- Keep parked cars off streets overnight and during snowfall. Winter parking is prohibited on streets from 12 a.m. to 7 a.m. from November 1 to March 31 as per by-law 47-2017, section 7.13.
- Clearing ice and/or snow from walkways and public areas in front of your house, if possible.
- Keep your gas meter clear of snow and ice.
- Make sure your garbage and recycling can be seen and is safely accessible to the Town’s contractor at ground level. Keep a path from the road to your collectibles. If waste is placed on top of a snowbank, the top of your receptacles or garbage bag should be no higher than four feet off the ground. Safe placement of collectibles helps ensure pick-up and avoid worker injury.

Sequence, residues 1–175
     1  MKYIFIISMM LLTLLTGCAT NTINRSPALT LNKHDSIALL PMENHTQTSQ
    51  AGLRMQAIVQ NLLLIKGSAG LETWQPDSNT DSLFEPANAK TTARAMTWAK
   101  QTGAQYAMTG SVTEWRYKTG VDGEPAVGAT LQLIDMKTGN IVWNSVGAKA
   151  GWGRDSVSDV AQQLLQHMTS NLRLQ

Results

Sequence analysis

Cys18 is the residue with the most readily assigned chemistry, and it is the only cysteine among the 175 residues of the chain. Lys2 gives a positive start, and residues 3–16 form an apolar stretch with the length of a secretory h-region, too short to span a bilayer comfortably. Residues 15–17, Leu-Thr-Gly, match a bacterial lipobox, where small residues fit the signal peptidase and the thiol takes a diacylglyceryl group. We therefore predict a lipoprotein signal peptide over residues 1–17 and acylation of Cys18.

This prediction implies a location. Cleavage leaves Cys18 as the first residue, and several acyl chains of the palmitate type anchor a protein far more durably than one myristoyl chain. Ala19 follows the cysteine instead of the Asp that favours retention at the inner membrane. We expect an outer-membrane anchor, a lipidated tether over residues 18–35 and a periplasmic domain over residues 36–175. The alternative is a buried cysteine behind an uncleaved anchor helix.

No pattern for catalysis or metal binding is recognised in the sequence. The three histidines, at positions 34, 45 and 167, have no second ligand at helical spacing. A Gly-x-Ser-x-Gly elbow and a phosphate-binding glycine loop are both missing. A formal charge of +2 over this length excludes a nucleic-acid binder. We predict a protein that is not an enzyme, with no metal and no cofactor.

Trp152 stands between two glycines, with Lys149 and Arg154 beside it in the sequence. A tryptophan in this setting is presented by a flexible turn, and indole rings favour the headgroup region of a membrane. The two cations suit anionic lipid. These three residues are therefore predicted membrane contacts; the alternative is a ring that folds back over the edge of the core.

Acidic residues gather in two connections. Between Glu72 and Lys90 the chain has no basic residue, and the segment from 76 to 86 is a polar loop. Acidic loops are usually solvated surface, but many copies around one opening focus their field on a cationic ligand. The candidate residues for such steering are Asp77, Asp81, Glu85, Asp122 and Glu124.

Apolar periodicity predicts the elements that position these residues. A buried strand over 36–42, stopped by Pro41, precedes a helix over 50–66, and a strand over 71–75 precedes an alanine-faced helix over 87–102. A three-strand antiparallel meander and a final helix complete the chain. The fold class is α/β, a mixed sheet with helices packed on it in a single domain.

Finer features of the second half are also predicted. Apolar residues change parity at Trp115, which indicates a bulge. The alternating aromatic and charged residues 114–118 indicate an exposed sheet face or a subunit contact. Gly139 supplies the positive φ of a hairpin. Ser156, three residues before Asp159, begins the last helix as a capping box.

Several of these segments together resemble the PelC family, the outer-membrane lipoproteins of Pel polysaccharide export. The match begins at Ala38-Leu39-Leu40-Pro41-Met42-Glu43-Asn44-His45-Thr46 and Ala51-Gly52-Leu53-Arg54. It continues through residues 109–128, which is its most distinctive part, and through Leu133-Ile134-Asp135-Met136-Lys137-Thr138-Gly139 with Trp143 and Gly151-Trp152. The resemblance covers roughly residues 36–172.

- Keep fire hydrants clear and visible.
- Throw snow on your lawn, not on the street. Shovelling snow back onto the street creates unsafe road conditions for motorists and is prohibited by the Highway Traffic Act.
To report a snow related concern on Town roads call 613-925-2812, if before the hour of 7:00 a.m. and after the hour of 3:30 p.m., call 1-855-229-5764.
To report a snow related concern on Provincial Highway call 1-855-557-8478.